You can now start the ypbind and the ypxfrd daemons because the NIS domain files have been created.
# service ypbind start
Binding to the NIS domain: [ OK ]
# service ypxfrd start
# chkconfig ypbind on
# chkconfig ypxfrd on
Adding New NIS Users
New NIS users can be created by logging into the NIS server and creating the new user account. In this case, you'll create a user account called nisuser and give it a new password.
Once this is complete, you then have to update the NIS domain's authentication files by executing the make command in the /var/yp directory.
# useradd -g users nisuser
# passwd nisuser
# cd /var/yp
# make
Configuring The NIS Client
NIS server is configured, it's time to configure the NIS clients. There are a number of related configuration files that you need to edit to get it to work. Take a look at the procedure.
Run authconfig
The authconfig or the authconfig-tui program automatically configures your NIS files after prompting you for the IP address and domain of the NIS server.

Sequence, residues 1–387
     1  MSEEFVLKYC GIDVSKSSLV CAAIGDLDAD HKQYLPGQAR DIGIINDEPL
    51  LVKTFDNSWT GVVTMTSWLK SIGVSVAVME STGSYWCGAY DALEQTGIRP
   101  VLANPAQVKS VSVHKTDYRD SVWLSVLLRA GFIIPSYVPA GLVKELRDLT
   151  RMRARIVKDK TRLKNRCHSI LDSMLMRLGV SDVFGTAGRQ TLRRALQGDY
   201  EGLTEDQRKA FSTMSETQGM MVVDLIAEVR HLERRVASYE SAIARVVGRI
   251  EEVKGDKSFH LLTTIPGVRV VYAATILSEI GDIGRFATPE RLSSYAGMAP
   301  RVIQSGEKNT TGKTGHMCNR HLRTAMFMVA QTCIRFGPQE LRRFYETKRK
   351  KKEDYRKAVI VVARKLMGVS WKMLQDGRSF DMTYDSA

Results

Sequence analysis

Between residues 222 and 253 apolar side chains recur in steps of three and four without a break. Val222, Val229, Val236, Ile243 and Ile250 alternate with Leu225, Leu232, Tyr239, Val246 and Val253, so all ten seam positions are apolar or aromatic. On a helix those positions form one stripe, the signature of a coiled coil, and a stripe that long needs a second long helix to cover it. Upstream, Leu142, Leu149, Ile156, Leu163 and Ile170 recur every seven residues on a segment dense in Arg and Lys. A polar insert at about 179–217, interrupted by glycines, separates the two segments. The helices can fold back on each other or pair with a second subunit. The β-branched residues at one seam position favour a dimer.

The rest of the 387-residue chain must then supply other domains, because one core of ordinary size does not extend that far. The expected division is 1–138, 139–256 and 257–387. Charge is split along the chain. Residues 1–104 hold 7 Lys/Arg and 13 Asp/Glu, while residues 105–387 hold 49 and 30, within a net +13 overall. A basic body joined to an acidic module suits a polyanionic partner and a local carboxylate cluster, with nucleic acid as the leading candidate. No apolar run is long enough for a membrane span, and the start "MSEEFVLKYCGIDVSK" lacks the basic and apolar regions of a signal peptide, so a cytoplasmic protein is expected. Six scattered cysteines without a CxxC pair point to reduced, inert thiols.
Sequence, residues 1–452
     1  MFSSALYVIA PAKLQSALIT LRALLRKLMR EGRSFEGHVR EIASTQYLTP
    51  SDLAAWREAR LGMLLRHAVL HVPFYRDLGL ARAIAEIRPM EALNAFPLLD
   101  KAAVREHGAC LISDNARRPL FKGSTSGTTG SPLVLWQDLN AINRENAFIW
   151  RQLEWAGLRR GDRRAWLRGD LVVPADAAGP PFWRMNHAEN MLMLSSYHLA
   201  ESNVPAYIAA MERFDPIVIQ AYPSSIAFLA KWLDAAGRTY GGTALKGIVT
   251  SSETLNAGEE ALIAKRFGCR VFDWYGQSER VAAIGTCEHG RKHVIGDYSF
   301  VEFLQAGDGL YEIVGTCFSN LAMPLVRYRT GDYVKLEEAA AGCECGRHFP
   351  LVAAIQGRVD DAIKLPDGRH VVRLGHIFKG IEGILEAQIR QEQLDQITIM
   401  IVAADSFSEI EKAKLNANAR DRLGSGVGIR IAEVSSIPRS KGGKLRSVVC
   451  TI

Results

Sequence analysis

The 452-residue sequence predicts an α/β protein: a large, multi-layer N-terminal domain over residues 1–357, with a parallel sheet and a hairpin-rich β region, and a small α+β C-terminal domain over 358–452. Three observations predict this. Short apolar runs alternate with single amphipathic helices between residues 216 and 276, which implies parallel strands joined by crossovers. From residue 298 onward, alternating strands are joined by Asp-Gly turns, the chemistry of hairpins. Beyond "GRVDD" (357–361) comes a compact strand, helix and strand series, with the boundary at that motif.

# authconfig-tui
Once finished, it should create an /etc/yp.conf file that defines, amongst other things, the IP address of the NIS server for a particular domain. It also edits the /etc/sysconfig/network file to define the NIS domain to which the NIS client belongs.
# /etc/yp.conf - ypbind configuration file domain NIS-SCHOOL-NETWORK server
In addition, the authconfig program updates the /etc/nsswitch.conf file that lists the order in which certain data sources should be searched for name lookups, such as those in DNS, LDAP, and NIS. Here you can see where NIS entries were added for the important login files.
#/etc/nsswitch.conf passwd: files nis shadow: files nis group: files nis
Start The NIS Client Related Daemons
# service portmap start
# service ypbind start
# chkconfig ypbind on
# chkconfig portmap on
Remember to use the rpcinfo -p localhost command to make sure they all started correctly.
Test NIS Access To The NIS Server
You can run the ypcat, ypmatch, and getent commands to make sure communication to the server is correct.
# ypcat passwd nisuser
# ypmatch nisuser passwd nisuser
# getent passwd nisuser nisuser
The End......................